After returning from a trip to the maker faire in San Francisco last year I felt like I needed to get involved and buy myself a 3D printer. After some research I settled on the printrbot simple metal. It seems like a solid mid-entry level printer which is easy to get started with and with fairly good support. I went with the kit form with the heated stage option which costs US$749. All up including shipping it ended up costing me about $1100AUD delivered.
Build and initial testing
The build went very smoothly and took about 3 hours – it is fairly simple and the instructions are detailed and easy to follow. After the build, the next step was to calibrate the auto bed levelling probe. This is an inductive sensor which is attached next to the extruder and which triggers when it is within a certain fixed distance (a few mm) of the metal bed. The calibration is needed to set the offset between the height when the inductive sensor triggers and the height at which you want to print the first layer. This process is also relatively straightforward but quite time consuming as it takes multiple prints to optimise. This is especially true the first time because I really didn’t know what a “good” print was supposed to look like…
My very first print, apart from some test rectangles for the height calibration, was the octopus above, which I downloaded from thingiverse (model). It printed perfectly on the first attempt, sticking nicely to the bed. I am very impressed with how well it prints out of the box – it was trivially easy to get up and printing with PLA immediately.
Attempting some larger and more difficult prints, and especially printing with ABS revealed that things aren’t always that easy. There were issues with warping and parts lifting up from the bed during the print, and so began the typical story of spending more time working on the printer than actual printing…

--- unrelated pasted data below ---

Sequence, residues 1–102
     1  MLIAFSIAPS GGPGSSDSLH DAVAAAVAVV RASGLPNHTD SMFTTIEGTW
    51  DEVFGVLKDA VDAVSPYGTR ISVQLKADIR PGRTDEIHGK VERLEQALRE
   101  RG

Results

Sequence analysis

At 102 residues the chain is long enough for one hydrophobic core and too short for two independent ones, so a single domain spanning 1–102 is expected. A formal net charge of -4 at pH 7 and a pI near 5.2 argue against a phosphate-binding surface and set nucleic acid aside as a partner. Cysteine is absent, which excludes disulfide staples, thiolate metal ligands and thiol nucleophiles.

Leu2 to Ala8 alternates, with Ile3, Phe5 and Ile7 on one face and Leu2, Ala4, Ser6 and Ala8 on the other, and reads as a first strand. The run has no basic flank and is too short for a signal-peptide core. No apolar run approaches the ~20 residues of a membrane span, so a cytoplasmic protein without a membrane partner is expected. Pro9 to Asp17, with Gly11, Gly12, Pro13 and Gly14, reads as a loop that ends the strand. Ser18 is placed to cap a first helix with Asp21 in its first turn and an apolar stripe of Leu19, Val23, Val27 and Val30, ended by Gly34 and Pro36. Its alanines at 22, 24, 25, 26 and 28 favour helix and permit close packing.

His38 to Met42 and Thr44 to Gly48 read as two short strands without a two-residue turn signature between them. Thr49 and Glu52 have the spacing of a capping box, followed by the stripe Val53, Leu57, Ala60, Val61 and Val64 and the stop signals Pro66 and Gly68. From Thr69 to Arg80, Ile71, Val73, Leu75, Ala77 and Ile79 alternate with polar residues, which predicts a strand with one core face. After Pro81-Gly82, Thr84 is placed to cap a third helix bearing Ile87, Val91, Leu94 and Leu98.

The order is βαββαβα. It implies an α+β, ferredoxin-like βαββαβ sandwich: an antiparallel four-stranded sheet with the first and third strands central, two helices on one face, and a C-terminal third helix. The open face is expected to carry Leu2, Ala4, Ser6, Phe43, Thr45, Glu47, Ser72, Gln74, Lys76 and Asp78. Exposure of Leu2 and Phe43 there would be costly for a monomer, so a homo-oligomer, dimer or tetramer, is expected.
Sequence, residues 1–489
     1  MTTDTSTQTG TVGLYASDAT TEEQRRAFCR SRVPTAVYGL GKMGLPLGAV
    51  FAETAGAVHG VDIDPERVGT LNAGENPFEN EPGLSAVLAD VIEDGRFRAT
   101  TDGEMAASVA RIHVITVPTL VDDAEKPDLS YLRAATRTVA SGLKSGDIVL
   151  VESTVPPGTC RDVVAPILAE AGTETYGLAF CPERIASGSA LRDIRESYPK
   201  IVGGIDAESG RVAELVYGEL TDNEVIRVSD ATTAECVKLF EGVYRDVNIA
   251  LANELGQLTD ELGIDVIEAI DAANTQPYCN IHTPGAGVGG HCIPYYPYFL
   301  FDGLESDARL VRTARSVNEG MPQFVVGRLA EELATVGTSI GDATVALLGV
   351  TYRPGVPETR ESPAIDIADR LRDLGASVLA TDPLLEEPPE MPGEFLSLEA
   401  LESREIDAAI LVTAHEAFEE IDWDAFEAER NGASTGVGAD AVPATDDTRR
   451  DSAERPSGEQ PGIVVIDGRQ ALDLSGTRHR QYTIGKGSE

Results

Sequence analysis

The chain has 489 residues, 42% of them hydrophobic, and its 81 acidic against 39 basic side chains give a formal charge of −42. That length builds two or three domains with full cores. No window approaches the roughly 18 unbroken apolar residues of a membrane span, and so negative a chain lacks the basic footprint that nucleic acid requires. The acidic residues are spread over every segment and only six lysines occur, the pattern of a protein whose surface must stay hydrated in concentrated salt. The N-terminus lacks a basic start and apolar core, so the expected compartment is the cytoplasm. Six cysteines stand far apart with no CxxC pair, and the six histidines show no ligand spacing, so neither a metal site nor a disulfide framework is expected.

By far the most dramatic improvement has come from adding a heated enclosure around the entire printer. The problem with printing ABS is it’s large thermal expansion coefficient causing it to contract and warp as it cools. The heated stage improves things a lot, but especially for large prints you really need to heat the air as well to prevent the top of the part from cooling. Enter the heated enclosure.
I made my enclosure from ~3mm clear perspex with a 12mm plywood base. It’s a very simple rectangular design and sized to just fit the printer. It is held together with corner brackets which I designed and printed with holes to bolt the perspex sheets to. The edges are taped to seal them, and I stuck some pieces of space blanket to the inside and outside of 2 of the rear walls to help with insulation. Ideally I would insulate all the walls, but that would defeat the purpose of using clear perspex.
The heater is an 80W PTC resistive heater which cost $5 from eBay (link). It is connected to the 12v supply from the printer power supply via a temperature controller which was another $5 eBay purchase (link). The controller is just a relay controlled by an adjustable temperature thermostat with a temperature probe which sits inside the enclosure. I attached a heatsink and fan to the heating element which turns on whenever the element is heating.
Normally all the printer control electronics live in the cavity underneath the stage. However, the heated enclosure is not great for them, so I extended all of the leads and it now lives outside the enclosure. I did a previous post on designing a case for the board in Autodesk Fusion, pictured below. It is functional, but still needs a bit more work to tidy everything up.
Buildtak is a tape which helps the prints stick to the bed. It is thick and durable (I’m still on my first piece) and it really works! I’m fact I’ve had more problems with parts sticking too well and not being able to remove them. One thing to remember is that it is significantly thicker than the kapton tape which comes with the printer so the print height has to be recalibrated. If the print height is too low (because of the thicker tape) it will be next to impossible to remove. One tip to remove stuck parts is to heat the bed, around 40 degrees for PLA and as hot as you can get it for ABS.
And to finish up the post, some photos of some of the prints.